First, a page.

Evidence Code

ORS 40.385
Rule 615. Exclusion of witnesses


At the request of a party the court may order witnesses excluded until the time of final argument, and it may make the order of its own motion. This rule does not authorize exclusion of:

(1)

A party who is a natural person;

(2)

An officer or employee of a party which is not a natural person designated as its representative by its attorney;

(3)

A person whose presence is shown by a party to be essential to the presentation of the party’s cause; or

(4)

The victim in a criminal case. [1981 c.892 §56; 1987 c.2 §5; 2003 c.14 §20]

(Rule 615)

See also annotations under ORS 45.510 in permanent edition.

Notes of Decisions

Under Former Similar Statute (Ors 45.510)

When one party moves to exclude witnesses and the other party voices no objection the motion should always be granted. State v. Bishop, 7 Or App 558, 492 P2d 509 (1971)

When the motion is opposed, the witnesses should be excluded unless there are sufficient reasons relevant to the purpose of the trial for not excluding witnesses. State v. Bishop, 7 Or App 558, 492 P2d 509 (1971)

Defendant is not prejudiced by failure to exclude witness if testimony of witness is totally unrelated to testimony of prior witnesses. State v. Roberts, 47 Or App 323, 614 P2d 139 (1980)

Under Evidence Code

A violation of an exclusion order is not, of itself, sufficient to disqualify a defense witness in a criminal case and the trial court cannot exclude the testimony based upon this ground alone. State v. Burdge, 295 Or 1, 664 P2d 1076 (1983)

Where overlapping testimony of two witnesses did not concern contested issues, failure to exclude witnesses was harmless error. State v. Cetto, 66 Or App 337, 674 P2d 66 (1984), Sup Ct review denied

Failure to make motion until after testimony has started is not good cause for denying motion. State v. Cetto, 66 Or App 337, 674 P2d 66 (1984), Sup Ct review denied; State v. Larson, 139 Or App 294, 911 P2d 953 (1996), aff'd 325 Or 15, 933 P2d 958 (1997)

Refusal to strike testimony of defendant's experts as sanction for defendant's revealing daily transcripts to experts in violation of order excluding witnesses was within court's discretion. Siegfried v. Pacific Northwest Development Corp., 102 Or App 57, 793 P2d 330 (1990)

Allowing investigating officer to remain in courtroom after trial court determined that state had established that officer's presence was essential to prosecution under this section did not violate defendant's right to cross-examine and to confront witness against him under Article I, section 11 of the Oregon Constitution. State v. Alexander, 105 Or App 566, 805 P2d 743 (1991)

Plaintiff who is unable to comprehend, meaningfully participate in proceedings, or assist lawyer in presentation of case may be excluded from liability portion of bifurcated trial if court determines plaintiff's presence would be unfairly prejudicial. Bremner v. Charles, 312 Or 274, 821 P2d 1080 (1991)

Assertion that fiance of murder victim lived with victim did not alone qualify fiance as victim of criminal case not subject to exclusion. State v. Stookey, 119 Or App 487, 850 P2d 1167 (1993), Sup Ct review denied

City police officer who investigates and files state criminal charge is equivalent of state officer for purpose of exemption from exclusion. State v. Cooper, 319 Or 162, 874 P2d 822 (1994); 130 Or App 209, 880 P2d 514 (1994), Sup Ct review denied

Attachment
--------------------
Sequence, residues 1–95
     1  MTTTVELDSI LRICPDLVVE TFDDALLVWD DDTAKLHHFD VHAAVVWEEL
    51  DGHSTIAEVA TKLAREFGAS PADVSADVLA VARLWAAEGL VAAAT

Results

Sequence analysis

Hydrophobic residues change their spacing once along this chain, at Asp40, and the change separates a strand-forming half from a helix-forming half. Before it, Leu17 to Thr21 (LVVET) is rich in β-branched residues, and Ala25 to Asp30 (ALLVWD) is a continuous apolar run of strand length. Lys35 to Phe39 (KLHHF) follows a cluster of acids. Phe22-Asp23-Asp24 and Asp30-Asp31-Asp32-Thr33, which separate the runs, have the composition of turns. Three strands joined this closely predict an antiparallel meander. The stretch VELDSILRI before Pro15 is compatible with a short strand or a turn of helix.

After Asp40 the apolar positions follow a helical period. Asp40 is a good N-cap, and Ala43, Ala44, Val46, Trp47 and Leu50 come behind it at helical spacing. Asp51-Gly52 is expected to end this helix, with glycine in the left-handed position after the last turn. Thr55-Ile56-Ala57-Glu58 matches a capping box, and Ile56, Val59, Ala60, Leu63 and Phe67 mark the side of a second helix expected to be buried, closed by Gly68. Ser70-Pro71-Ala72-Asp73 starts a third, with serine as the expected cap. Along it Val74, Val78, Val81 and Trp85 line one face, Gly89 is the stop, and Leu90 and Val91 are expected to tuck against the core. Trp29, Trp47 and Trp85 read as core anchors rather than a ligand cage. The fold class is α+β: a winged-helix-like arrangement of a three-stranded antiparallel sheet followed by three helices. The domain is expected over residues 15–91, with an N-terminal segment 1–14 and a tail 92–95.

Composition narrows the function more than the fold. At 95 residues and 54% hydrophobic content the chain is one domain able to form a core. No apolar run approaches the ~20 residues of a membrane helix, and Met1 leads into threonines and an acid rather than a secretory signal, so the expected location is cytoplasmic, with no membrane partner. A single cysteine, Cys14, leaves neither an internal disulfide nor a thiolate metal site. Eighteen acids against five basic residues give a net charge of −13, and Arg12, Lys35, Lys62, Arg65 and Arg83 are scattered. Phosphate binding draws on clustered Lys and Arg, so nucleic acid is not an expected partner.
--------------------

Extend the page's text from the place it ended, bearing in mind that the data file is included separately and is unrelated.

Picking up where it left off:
Erroneous denial of motion does not create presumption of prejudice to defendant upon judicial review. State v. Larson, 139 Or App 294, 911 P2d 953 (1996), aff'd 325 Or 15, 933 P2d 958 (1997)

Corporation is entitled to only one corporate representative at pretrial deposition of corporate witnesses. Washington County Assessor v. West Beaverton Congregation of Jehovah's Witnesses, Inc., 18 OTR 226 (2005)

Corporation may not designate different corporate representative for separate depositions of corporate witnesses. Washington County Assessor v. West Beaverton Congregation of Jehovah's Witnesses, Inc., 18 OTR 226 (2005)

Exclusion of corporate witness from deposition of corporate representative requires that deposing party comply with court rules related to filing of protective order. Washington County Assessor v. West Beaverton Congregation of Jehovah's Witnesses, Inc., 18 OTR 226 (2005)

Chapter 40

(Generally)

Notes of Decisions

General rule is that polygraph evidence is inadmissible in proceeding governed by Oregon Evidence Code. State v. Brown, 297 Or 404, 687 P2d 751 (1984)

Party could introduce results of polygraph test taken by spouse for purpose of showing that response of party upon learning polygraph results was reasonable. Fromdahl and Fromdahl, 314 Or 496, 840 P2d 683 (1992)

Where state law completely precludes reliable, materially exculpatory evidence, exclusion of that evidence violates Due Process Clauses of United States Constitution. State v. Cazares-Mendez, 233 Or App 310, 227 P3d 172 (2010), aff'd State v. Cazares-Mendez/Reyes-Sanchez, 350 Or 491, 256 P3d 104 (2011)

Oregon Evidence Code articulates minimum standards of reliability that apply to many types of evidence for admissibility, including eyewitness identification evidence, and parties must employ code to address admissibility of eyewitness testimony. State v. Lawson/James, 352 Or 724, 291 P3d 673 (2012)

Law Review Citations

59 OLR 43 (1980); 19 WLR 343 (1983)

Chapter 40

Evidence Code

Annotations are listed under the heading "Under former similar statute" if they predate the adoption of the Evidence Code, which went into effect January 1, 1982.


Source

Last accessed
Jun. 26, 2021